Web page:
You are trying to adapt, you are teaching your children to be realistic, to have practical expectations. You are negotiating with the institutions you have chosen because we did start with the confidence that the schools we choose, the communities we choose would have become far more progressive than they were when we were children. But a lot of parents today are facing up to the reality that many things have not progressed in the way that we expected them to. They have in many ways regressed or been very static; for example, the understanding of schooling systems of multiple talents, their understandings of special needs, the different ways in which children learn, not only the children we label as special-needs children but every single child; you have a different voice, you have different coloured eyes, you have a different way of walking, you have a different way of learning and we really are somehow putting far more pressure on children as well as on ourselves to be a much more homogenised society and even culturally while we have a lot more choices. Everybody is supposed to choose the same, everybody is supposed to be watching the same show, wearing the same clothes, talking the same way and that felt like a raw deal for children who are growing up.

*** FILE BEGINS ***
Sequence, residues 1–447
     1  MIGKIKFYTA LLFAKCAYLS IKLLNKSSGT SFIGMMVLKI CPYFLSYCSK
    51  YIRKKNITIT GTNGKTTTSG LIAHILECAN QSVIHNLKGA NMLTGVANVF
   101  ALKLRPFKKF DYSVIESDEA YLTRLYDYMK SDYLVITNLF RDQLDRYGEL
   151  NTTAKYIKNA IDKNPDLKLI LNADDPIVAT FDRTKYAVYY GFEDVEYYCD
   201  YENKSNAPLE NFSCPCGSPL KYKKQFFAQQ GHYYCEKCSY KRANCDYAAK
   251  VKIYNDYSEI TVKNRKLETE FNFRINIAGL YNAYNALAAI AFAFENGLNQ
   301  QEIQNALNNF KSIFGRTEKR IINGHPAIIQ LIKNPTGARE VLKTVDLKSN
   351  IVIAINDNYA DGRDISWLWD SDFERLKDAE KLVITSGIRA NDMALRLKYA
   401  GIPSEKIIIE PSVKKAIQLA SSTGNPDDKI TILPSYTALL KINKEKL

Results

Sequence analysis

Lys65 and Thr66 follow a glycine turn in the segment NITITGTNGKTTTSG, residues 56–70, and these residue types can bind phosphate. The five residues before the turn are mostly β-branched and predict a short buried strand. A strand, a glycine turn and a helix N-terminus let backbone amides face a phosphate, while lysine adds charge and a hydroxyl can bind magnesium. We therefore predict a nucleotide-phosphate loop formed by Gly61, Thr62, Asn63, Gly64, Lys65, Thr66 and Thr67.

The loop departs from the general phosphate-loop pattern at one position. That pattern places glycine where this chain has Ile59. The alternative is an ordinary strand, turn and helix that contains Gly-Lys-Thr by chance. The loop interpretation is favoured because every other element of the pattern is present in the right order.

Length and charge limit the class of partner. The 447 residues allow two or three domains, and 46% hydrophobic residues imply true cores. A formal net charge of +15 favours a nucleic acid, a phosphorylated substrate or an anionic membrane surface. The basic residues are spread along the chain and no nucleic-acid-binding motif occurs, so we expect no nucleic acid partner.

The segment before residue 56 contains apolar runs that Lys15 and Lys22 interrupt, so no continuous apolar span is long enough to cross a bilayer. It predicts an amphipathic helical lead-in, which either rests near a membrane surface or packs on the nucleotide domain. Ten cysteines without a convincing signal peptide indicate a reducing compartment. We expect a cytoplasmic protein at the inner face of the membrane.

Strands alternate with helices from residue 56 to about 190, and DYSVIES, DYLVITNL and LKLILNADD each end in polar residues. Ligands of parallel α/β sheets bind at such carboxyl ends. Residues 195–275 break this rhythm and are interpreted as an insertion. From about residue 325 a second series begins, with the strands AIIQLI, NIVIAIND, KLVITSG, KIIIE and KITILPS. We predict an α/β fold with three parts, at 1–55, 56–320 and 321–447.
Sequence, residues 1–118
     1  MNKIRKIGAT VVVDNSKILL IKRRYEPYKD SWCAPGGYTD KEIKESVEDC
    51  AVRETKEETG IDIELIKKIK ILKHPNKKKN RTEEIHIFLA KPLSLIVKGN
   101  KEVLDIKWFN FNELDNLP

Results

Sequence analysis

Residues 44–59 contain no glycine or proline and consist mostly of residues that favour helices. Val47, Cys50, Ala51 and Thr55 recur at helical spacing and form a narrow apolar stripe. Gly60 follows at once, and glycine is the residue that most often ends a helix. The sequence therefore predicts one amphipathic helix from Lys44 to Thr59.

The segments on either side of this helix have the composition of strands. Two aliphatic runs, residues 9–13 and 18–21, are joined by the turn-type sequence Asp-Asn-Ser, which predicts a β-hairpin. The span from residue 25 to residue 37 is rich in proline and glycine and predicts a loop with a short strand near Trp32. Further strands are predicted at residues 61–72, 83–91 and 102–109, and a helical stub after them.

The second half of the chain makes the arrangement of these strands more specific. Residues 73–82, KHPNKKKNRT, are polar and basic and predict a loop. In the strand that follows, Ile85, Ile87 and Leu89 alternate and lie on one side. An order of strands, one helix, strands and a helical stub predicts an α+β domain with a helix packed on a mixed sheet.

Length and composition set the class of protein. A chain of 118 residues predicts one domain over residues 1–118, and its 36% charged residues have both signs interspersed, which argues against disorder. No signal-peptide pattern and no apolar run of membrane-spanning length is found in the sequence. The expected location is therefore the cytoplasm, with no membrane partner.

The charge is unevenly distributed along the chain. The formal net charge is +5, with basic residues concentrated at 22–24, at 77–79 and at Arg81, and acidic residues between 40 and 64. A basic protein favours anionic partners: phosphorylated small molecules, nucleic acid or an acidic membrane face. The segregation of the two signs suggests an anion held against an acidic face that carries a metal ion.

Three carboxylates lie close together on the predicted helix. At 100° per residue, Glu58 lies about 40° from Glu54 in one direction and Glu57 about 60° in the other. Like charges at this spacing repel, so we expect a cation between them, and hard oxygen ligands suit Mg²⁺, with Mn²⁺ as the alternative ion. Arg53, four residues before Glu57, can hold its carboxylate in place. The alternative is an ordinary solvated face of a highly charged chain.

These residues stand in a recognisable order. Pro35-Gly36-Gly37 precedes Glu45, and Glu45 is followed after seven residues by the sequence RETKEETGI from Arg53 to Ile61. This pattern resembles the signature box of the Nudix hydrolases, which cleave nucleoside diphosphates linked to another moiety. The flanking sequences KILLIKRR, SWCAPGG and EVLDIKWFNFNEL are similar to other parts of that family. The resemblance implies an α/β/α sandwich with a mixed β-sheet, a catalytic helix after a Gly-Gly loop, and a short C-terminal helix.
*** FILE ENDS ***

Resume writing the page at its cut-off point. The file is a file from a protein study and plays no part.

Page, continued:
You as a parent, an idealistic parent and a loving parent, want to give them a space in which they can enjoy their creativity. How much we are discovering in our middle years that there are so many talents we have that we never knew of or we were sometimes ashamed for and there is no list of good abilities to have. There are so many things that we have --- as the world has discovered again and again that it is good for you. We know that doing things with our hands is good for us and yet schools make very little time. It becomes like some unique selling point that you do it for 2 hours a week.
Run us through a day. Now both the girls who are unschooled, what is their day like? I am not asking because I feel that there should be a structure, but you said there is a natural structure that you will find and I am sure they would have found their rhythms as well. So it will be interesting for parents to figure out how that has worked.
It is fairly new for us. We took the plunge after we met a community of unschooling parents in the Learning Societies UnConference in Bangalore. Once we met people who seemed to be doing really well, who seemed to have chosen a different way of being and were thriving in it, we knew that we were not the only ones and that we were not going to be isolated in our search.